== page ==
应用生命表进行马铃薯粘腺毛品系对桃蚜抗性的分析
夏基康,WardM.Tingey
南京农业大学学报 , 1986, DOI: 10.7685/j.issn.1000-2030.1986.03.005
Abstract: 桃蚜(Myzuspersicae)有翅型和无翅型所产后代生活在粘腺毛马铃薯杂交后代D888-4、MH_4-5盆栽植株上的存活率、生长历期与生殖力均显著地低于感性对照品种Superior植株。在适温(22―15℃)或高温(33―18℃)下的Superior植株上,有翅型后代的r_m均大于无翅型的后代。在D888-4和MH_4-5上,两蚜型后代的r_m均接近或等于零。
Sequence characterization of hypervariable regions in the soybean genome: leucine-rich repeats and simple sequence repeats
Barros, Everaldo G. de;Tingey, Scott;Rafalski, J. Antoni;
Genetics and Molecular Biology , 2000, DOI: 10.1590/S1415-47572000000200029
Abstract: the genetic basis of cultivated soybean is rather narrow. this observation has been confirmed by analysis of agronomic traits among different genotypes, and more recently by the use of molecular markers. during the construction of an rflp soybean map (glycine soja x glycine max) the two progenitors were analyzed with over 2,000 probes, of which 25% were polymorphic. among the probes that revealed polymorphisms, a small proportion, about 0.5%, hybridized to regions that were highly polymorphic. here we report the sequencing and analysis of five of these probes. three of the five contain segments that encode leucine-rich repeat (lrr) sequence homologous to known disease resistance genes in plants. two other probes are relatively at-rich and contain segments of (a)n/(t)n. dna segments corresponding to one of the probes (a45-10) were amplified from nine soybean genotypes. partial sequencing of these amplicons suggests that deletions and/or insertions are responsible for the extensive polymorphism observed. we propose that genes encoding lrr proteins and simple sequence repeat region prone to slippage are some of the most hypervariable regions of the soybean genome.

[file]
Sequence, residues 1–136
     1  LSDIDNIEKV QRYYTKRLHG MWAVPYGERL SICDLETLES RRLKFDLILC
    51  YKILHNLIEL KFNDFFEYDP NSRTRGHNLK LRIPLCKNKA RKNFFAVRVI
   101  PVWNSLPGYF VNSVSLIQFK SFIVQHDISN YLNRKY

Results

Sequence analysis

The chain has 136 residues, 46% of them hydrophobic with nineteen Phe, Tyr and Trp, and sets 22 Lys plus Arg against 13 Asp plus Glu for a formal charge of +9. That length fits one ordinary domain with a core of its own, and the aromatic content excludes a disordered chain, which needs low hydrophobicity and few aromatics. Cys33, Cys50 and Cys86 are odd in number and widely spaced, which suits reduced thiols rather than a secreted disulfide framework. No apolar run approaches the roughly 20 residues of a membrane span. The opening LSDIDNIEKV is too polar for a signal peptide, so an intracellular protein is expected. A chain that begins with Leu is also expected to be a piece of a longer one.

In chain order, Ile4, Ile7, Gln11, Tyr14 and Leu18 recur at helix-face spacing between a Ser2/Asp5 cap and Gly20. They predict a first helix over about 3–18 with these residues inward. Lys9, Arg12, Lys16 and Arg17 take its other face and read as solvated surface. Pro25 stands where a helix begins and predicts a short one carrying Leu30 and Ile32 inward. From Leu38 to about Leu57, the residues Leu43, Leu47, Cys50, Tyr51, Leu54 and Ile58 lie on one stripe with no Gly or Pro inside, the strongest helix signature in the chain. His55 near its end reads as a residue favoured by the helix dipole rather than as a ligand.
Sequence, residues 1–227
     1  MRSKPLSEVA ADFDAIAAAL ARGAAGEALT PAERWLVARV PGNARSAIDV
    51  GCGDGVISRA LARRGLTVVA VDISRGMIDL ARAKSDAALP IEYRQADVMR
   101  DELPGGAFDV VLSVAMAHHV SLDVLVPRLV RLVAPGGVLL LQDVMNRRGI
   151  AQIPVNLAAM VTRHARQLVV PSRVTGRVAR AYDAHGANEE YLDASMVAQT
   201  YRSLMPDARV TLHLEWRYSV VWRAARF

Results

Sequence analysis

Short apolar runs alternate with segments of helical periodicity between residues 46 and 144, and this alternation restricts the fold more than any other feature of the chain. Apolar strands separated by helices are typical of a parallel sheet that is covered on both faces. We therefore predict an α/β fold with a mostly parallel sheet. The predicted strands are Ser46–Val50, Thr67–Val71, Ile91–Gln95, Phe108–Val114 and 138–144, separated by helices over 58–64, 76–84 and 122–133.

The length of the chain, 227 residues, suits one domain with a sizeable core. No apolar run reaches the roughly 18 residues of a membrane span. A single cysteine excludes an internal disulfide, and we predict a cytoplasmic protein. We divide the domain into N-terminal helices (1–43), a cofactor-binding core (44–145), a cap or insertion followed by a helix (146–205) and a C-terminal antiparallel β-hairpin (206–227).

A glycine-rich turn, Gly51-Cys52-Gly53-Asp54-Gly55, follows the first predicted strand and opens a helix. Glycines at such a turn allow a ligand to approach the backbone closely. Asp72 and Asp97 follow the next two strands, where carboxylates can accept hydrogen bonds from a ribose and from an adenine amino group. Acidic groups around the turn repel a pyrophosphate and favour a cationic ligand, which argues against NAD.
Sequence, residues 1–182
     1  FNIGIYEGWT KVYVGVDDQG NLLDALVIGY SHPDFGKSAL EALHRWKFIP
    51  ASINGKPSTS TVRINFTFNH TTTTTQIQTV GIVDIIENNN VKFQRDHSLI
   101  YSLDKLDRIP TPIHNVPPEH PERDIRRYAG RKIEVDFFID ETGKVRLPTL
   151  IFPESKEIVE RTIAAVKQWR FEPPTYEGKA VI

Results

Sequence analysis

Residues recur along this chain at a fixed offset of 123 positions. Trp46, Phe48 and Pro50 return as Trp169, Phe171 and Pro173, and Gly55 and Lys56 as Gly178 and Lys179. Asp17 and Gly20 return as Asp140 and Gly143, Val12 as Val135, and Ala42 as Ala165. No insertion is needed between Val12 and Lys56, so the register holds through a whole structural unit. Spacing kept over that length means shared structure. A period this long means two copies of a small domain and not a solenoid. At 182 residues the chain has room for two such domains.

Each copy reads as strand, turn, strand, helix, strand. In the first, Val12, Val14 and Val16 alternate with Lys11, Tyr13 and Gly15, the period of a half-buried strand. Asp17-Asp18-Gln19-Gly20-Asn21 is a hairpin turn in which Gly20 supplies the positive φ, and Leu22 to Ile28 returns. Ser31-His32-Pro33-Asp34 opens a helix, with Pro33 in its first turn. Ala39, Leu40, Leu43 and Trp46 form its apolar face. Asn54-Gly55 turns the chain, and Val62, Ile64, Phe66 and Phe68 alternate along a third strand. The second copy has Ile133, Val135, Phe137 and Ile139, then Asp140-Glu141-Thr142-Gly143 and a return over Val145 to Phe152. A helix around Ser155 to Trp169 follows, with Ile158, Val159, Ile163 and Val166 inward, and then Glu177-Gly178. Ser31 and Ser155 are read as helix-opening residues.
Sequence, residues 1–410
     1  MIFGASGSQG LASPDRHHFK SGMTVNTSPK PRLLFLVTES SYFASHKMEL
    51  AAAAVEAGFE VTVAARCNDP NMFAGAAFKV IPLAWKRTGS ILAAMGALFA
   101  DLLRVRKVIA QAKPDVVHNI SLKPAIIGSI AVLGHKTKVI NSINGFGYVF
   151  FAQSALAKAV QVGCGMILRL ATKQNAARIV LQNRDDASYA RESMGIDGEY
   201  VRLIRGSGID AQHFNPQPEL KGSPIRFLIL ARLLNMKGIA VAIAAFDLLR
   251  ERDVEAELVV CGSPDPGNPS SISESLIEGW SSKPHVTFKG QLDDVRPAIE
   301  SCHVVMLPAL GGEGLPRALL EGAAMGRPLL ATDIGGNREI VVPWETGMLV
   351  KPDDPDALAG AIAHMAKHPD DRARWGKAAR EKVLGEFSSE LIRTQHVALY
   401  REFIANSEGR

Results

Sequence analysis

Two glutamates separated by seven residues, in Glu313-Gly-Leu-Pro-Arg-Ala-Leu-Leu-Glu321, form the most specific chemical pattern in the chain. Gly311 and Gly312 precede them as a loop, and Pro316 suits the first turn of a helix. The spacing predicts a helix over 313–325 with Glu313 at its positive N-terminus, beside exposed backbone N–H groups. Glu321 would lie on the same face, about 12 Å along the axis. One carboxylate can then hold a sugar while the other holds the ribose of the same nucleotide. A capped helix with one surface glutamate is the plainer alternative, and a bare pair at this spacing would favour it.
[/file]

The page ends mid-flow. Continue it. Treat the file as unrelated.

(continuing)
Sequence characterization of hypervariable regions in the soybean genome: leucine-rich repeats and simple sequence repeats
Barros Everaldo G. de,Tingey Scott,Rafalski J. Antoni
Genetics and Molecular Biology , 2000,